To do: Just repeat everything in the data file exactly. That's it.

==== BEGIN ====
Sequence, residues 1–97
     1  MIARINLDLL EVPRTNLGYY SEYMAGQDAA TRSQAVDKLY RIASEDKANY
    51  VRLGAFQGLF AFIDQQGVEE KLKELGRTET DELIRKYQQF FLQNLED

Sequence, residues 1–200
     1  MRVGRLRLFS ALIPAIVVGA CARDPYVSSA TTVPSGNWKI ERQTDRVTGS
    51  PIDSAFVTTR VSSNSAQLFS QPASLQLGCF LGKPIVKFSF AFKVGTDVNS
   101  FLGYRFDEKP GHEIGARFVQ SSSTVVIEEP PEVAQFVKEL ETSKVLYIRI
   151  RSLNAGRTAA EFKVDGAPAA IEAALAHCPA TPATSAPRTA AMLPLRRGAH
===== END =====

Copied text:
Sequence, residues 1–97
     1  MIARINLDLL EVPRTNLGYY SEYMAGQDAA TRSQAVDKLY RIASEDKANY
    51  VRLGAFQGLF AFIDQQGVEE KLKELGRTET DELIRKYQQF FLQNLED

Sequence, residues 1–200
     1  MRVGRLRLFS ALIPAIVVGA CARDPYVSSA TTVPSGNWKI ERQTDRVTGS
    51  PIDSAFVTTR VSSNSAQLFS QPASLQLGCF LGKPIVKFSF AFKVGTDVNS
   101  FLGYRFDEKP GHEIGARFVQ SSSTVVIEEP PEVAQFVKEL ETSKVLYIRI
   151  RSLNAGRTAA EFKVDGAPAA IEAALAHCPA TPATSAPRTA AMLPLRRGAH